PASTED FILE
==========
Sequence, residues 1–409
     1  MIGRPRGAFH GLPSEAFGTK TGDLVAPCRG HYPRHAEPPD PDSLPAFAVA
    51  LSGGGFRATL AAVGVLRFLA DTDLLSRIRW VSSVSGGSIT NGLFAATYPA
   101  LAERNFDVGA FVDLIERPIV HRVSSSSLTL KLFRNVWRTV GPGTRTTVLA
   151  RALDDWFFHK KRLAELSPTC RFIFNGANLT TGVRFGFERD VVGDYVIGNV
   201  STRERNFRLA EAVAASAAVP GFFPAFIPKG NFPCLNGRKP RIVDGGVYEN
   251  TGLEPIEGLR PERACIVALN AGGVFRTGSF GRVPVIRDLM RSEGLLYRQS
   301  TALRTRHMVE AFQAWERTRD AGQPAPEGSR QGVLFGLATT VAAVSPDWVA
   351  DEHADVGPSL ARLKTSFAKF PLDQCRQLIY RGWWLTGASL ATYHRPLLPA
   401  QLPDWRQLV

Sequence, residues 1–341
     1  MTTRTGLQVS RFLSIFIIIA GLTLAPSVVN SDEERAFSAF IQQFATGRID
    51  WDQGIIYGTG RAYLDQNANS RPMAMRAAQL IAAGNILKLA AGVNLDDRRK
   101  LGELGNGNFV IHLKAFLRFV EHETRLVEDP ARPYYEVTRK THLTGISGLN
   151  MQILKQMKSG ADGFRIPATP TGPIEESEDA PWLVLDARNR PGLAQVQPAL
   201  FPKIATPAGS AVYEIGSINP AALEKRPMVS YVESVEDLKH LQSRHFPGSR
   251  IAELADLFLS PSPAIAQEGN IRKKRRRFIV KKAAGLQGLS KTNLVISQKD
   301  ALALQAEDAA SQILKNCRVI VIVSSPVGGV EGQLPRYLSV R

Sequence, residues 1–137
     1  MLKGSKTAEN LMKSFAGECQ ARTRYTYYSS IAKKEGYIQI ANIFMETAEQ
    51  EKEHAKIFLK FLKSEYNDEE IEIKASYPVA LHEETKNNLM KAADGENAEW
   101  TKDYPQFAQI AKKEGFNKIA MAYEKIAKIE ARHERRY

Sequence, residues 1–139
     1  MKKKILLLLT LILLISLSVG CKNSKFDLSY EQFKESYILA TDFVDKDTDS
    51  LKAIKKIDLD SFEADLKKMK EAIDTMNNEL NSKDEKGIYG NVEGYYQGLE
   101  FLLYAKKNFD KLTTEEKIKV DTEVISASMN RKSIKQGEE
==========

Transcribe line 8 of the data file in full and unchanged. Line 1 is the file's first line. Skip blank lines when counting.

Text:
   301  TALRTRHMVE AFQAWERTRD AGQPAPEGSR QGVLFGLATT VAAVSPDWVA